United States – Refunding of 2018 Underpayment Penalties by IRS
United States – Refunding of 2018 Underpayment Penaltie
The U.S. Internal Revenue Service (IRS) recently announced in IR-2019-144 that it is automatically waiving the estimated tax penalty for eligible individual taxpayers who fell short of their total 2018 tax liability. The IRS will mail copies of notices granting relief to affected taxpayers. If a taxpayer has already paid the penalty, the IRS will be issuing refunds of the penalty amount approximately three weeks after the notice. Taxpayers who have not yet filed their 2018 federal tax returns are encouraged to claim the penalty waiver on their returns.
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The U.S. Internal Revenue Service (IRS) recently announced in IR-2019-144 that it is automatically waiving the estimated tax penalty for eligible individual taxpayers who fell short of their total 2018 tax liability.1 As reported earlier this year, the IRS initially lowered the usual 90-percent threshold for the penalty to 85 percent2 and further lowered it to the current 80 percent.3 Following the announcement, individuals who have paid at least 80 percent of their total tax liability through their federal income tax withholding or quarterly estimated payment, but failed to claim the special waiver when they filed their 2018 returns, will have their estimated tax penalty waived automatically by the IRS.
WHY THIS MATTERS
The waiver computations were integrated into commercially-available tax software shortly after they were announced, so many assignees are likely unaffected by this automatic waiver. However, companies who fund the cost of penalties and interest for employees on tax-equalized assignments will want to work with their tax service providers to identify employees who may be receiving a refund and determine whether any refund is payable to the company.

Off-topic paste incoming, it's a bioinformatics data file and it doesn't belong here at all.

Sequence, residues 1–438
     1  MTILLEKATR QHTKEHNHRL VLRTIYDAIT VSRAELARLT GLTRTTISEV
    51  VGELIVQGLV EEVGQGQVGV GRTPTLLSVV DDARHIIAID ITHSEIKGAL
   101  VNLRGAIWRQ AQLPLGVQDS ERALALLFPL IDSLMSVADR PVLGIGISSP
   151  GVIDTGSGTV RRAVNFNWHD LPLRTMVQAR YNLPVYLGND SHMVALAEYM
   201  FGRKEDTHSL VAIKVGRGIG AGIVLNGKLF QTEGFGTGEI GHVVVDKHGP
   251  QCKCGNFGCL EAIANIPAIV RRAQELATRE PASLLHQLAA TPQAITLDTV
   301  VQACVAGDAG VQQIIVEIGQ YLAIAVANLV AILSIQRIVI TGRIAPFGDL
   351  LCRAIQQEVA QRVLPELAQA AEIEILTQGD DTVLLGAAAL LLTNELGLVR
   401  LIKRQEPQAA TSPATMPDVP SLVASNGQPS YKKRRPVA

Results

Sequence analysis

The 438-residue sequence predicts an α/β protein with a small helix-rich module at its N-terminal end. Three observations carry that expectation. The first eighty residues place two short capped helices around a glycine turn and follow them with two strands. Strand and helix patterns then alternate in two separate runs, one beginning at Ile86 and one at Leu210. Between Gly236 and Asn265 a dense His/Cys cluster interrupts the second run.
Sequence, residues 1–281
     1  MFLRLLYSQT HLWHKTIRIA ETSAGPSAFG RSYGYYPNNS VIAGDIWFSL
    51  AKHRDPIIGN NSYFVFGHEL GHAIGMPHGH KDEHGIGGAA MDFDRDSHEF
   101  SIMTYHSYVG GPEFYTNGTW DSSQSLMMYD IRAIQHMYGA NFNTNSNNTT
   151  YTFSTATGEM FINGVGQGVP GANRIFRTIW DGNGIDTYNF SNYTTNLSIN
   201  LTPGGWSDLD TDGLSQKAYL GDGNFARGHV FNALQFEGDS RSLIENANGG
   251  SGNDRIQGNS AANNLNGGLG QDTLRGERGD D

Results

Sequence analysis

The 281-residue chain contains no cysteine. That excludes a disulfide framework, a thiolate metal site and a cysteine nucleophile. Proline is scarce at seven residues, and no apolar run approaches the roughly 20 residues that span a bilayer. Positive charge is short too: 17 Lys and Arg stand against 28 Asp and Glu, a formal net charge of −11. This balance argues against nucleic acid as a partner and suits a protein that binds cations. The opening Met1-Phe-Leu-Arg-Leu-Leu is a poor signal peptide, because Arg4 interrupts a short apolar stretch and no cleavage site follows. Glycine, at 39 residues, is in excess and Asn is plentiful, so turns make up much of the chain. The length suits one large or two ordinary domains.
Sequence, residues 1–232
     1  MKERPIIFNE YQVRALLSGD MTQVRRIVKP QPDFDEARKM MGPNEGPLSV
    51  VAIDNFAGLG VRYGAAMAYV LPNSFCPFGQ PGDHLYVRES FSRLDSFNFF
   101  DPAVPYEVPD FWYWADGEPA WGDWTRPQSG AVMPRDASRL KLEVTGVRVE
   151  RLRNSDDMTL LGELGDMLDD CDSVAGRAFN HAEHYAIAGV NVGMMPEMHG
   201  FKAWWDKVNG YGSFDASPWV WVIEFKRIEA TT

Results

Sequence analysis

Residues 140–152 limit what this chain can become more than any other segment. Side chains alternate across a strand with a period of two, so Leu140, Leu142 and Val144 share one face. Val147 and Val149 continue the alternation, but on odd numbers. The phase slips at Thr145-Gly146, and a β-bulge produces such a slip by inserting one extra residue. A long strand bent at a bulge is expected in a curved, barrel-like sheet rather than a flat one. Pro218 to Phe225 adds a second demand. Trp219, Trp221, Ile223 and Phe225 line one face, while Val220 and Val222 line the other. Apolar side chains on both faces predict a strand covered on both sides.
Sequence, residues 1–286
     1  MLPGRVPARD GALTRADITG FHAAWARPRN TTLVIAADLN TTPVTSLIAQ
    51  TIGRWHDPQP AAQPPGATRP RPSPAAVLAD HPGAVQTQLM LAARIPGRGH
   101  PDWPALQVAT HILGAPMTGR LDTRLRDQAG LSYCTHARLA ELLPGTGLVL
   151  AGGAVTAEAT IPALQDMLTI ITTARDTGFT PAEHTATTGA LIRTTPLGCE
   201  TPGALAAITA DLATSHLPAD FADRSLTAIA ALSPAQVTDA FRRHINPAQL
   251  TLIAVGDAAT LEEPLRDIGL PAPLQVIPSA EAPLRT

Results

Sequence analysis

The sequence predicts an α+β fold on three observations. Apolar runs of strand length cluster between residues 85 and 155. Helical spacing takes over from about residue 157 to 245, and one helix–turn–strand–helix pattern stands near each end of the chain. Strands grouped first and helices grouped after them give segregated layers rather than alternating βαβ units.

Normally, taxpayers must pay federal income taxes as they earn income, through withholding and/or estimated tax payments. Generally, a taxpayer will be subject to a penalty if the taxpayer fails to pay the lesser of the following amounts during the tax year:
- 90 percent of the tax shown on the taxpayer’s return for the tax year, or
- 100 percent of the tax shown on the taxpayer’s return for the previous tax year (110 percent if the taxpayer’s adjusted gross income on the previous year’s return exceeds $150,000) if the previous tax year was a full 12 months long.
On January 16, 2019, the IRS announced that it would waive the penalty for failure to make estimated income tax payments for the 2018 tax year – otherwise required to be made on or before January 15, 2019 – for any individual whose total withholding and estimated tax payments made on or before January 15, 2019, equaled or exceeded 85 percent of the tax shown on that individual’s return for the 2018 tax year. In order to request the estimated tax penalty waiver, the IRS required eligible individual taxpayers to file Form 2210, Underpayment of Estimated Tax by Individuals, Estates, and Trusts, with their 2018 income tax returns.
On March 22, 2019, the IRS expanded the penalty waiver to individuals whose total withholding and estimated tax payments made on or before January 15, 2019 equaled or exceeded 80 percent of the tax shown on the return for the 2018 tax year. Also, the IRS updated the procedures for taxpayers who paid the underpayment penalty but who qualified for relief under the expanded waiver.
On August 14, 2019, the IRS announced that it is automatically applying the waiver to all eligible taxpayers, so taxpayers do not need to take any further action. The IRS will mail copies of notices granting relief to affected taxpayers. If a taxpayer has already paid the penalty, the IRS will be issuing refunds of the penalty amount approximately three weeks after the notice.
However, taxpayers who have not yet filed their 2018 federal tax returns are encouraged to claim the penalty waiver on their returns.
The above information is not intended to be "written advice concerning one or more Federal tax matters" subject to the requirements of section 10.37(a)(2) of Treasury Department Circular 230 as the content of this document is issued for general informational purposes only.
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